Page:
Your logo is the foundation on which your business sits. It’s a representation of your company/organization and should be original, timeless and unique. These 7 mistakes are most often made by amateurs, and are mistakes you’ll want to avoid if you choose to design your logo yourself (though I would recommend hiring a professional, wether it’s Clearmark Studios or some other professional).
7. Raster vs. Vector
Any professional graphic designer knows the difference between a raster image and a vector image, and what programs to use to create a professional looking logo: Adobe Illustrator or Coral Draw. The difference between a raster image (aka bitmap, made of pixels, causing the image to blur when enlarged) and a vector image (made of mathematically accurate points) means the difference between having a blurry mess of a logo or a clear professional logo.
6. Color Matters
Your logo design should easily move from one color, to black and white, to full color with no lose of impact, meaning, or representation. You should also pick your colors wisely. Using colors your competitors use may not be the best way to go, remember the goal of a logo is to be timeless, unique and original.
5. Relying on trends
Bevels, glows, swooshes and drop shadows are all overly used and now outdated trends that make your logo look like it belongs in a museum. A well designed logo can with stand the test of time. That means your logo should represent your company; wether you use a drop shadow or a beveled element, everything you do to your logo should have a purpose other than “it’s what’s popular now”.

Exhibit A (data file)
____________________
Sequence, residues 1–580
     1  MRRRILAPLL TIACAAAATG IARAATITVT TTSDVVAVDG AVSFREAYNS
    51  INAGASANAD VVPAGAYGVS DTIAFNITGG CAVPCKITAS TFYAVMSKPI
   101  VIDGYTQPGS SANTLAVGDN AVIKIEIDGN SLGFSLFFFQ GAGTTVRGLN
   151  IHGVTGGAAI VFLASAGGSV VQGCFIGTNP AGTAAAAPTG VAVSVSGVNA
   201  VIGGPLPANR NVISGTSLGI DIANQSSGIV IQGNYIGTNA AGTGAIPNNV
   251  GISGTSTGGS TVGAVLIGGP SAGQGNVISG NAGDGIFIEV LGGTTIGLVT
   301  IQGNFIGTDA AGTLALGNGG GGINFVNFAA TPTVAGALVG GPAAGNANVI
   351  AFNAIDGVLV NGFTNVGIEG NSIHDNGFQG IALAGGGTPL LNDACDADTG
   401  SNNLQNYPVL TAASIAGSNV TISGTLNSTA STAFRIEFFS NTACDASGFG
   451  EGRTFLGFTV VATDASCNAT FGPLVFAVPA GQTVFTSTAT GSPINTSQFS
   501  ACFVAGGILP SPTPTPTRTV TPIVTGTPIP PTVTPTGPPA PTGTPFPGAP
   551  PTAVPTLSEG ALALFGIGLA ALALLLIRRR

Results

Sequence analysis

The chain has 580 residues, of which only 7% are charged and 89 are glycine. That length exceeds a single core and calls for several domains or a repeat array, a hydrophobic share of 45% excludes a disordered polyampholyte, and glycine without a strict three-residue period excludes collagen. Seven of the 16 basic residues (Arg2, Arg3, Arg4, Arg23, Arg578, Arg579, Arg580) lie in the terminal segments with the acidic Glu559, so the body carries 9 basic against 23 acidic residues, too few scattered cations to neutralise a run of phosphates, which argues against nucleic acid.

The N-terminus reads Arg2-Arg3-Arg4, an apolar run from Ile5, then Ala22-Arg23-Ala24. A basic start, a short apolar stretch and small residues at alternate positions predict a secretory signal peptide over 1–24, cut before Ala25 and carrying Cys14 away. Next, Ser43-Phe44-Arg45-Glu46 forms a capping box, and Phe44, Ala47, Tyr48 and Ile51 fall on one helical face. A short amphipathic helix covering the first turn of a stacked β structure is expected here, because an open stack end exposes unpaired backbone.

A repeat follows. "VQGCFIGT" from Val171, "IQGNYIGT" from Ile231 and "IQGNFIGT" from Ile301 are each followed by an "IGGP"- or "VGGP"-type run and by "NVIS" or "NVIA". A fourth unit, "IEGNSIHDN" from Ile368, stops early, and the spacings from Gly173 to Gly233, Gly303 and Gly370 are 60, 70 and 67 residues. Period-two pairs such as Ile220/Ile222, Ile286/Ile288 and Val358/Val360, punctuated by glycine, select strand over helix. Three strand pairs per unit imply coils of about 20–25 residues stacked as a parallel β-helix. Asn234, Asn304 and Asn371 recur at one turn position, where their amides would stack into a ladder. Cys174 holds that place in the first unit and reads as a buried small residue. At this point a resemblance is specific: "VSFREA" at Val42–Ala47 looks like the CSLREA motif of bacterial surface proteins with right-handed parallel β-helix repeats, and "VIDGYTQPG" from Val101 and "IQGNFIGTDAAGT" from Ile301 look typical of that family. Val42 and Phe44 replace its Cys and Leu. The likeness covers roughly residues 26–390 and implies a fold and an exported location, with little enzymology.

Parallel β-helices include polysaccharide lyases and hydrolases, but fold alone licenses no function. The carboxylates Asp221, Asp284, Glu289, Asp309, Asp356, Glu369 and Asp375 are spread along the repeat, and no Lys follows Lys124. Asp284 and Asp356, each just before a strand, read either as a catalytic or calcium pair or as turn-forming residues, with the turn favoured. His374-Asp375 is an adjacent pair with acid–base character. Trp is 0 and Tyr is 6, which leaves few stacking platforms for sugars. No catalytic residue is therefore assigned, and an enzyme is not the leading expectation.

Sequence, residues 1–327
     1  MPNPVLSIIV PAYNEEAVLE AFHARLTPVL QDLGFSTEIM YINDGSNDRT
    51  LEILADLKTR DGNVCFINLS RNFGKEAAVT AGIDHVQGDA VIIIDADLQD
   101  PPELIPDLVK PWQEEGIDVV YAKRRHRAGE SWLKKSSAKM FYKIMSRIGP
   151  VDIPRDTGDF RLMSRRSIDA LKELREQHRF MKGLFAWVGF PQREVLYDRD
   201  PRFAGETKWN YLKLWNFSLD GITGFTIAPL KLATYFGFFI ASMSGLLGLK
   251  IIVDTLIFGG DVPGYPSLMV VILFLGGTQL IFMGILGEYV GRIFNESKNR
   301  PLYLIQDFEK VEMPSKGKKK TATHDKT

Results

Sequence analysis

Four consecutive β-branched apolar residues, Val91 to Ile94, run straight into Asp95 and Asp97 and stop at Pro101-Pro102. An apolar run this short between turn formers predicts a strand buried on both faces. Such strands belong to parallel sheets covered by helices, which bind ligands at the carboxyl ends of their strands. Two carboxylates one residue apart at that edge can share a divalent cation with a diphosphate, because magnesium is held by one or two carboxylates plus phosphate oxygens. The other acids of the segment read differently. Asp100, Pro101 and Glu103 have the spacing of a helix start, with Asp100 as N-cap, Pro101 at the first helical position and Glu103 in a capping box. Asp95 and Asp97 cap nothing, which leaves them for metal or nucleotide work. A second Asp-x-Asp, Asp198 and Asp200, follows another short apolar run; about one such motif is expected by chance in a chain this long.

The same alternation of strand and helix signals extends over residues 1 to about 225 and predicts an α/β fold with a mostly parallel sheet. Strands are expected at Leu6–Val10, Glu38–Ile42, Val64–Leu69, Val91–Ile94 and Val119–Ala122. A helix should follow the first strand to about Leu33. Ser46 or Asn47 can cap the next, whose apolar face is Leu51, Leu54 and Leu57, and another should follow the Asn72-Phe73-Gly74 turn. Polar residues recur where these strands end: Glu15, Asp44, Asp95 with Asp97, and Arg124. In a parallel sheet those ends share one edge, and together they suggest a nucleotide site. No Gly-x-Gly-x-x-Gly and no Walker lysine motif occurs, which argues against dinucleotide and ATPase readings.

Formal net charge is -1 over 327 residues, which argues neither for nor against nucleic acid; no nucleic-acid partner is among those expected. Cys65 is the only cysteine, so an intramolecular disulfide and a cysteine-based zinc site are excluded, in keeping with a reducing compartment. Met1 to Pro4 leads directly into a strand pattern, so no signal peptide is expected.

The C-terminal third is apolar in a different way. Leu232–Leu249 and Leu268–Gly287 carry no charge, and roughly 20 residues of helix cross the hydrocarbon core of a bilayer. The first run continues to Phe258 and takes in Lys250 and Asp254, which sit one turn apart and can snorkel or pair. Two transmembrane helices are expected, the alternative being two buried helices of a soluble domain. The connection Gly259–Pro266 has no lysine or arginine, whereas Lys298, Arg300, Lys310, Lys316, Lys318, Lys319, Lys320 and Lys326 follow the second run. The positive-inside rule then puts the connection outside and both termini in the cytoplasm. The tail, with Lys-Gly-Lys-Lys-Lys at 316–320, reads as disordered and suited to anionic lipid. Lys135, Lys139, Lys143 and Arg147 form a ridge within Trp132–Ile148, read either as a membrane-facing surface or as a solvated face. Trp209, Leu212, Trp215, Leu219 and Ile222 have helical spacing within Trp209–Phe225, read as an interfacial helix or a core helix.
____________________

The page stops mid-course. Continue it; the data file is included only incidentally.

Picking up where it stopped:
4. It’s just too complicated
Your logo will display at varying sizes, quite possibly in black and white as well. An overly complex logo will not translate well when shrunk down, and if you’ve create a complete logo through color changes, you’re going to have a hard time translating that to black and white. “Keep it simple stupid” is a cliche for a reason.
3. The wrong typography
Each font has a personality. And it’s a professional graphic designer’s job to choose a typeface (aka font) that has a personality that fits with your company. There are three major mistakes people make when choosing a typeface for their company: 1) Choosing a font because it looks “cool”. You should choose a font for your customers, not for you. This logo is meant to attract your ideal customers. Just because you like that font doesn’t mean it belongs in your logo. 2) Choosing just to choose. Picking the first font that you see or come across will result in a bad typography choice. Even if you have a fantastic icon a bad font choice will make the whole thing look woefully awful. 3) Choosing too many fonts. A pro will tell you, two maybe three fonts at the most. Any more than that and things start to look very crowded, and a little like the circus.
2. Using stock art
Buying stock art inherently goes against the purpose of a logo. A stock image is a pre-created image or graphic that anyone with the right amount of money can buy and use. If someone else decides they like that stock graphic as well there’s nothing stoping them from buying and using that graphic as their logo as well. Now you and someone else have the same logo. This in no way allows you to stand out.
1. Copying another’s logo
Some designer worked hard to create a unique logo for that company. Using the exact logo could be breaking copyright laws, but it also looks bad for your company. If you are using another logo as a reference, make sure it’s only for inspiration and not plagiarism. The purpose of a logo is to reflect and represent your business or organization. Simply copying someone else’s logo will do neither.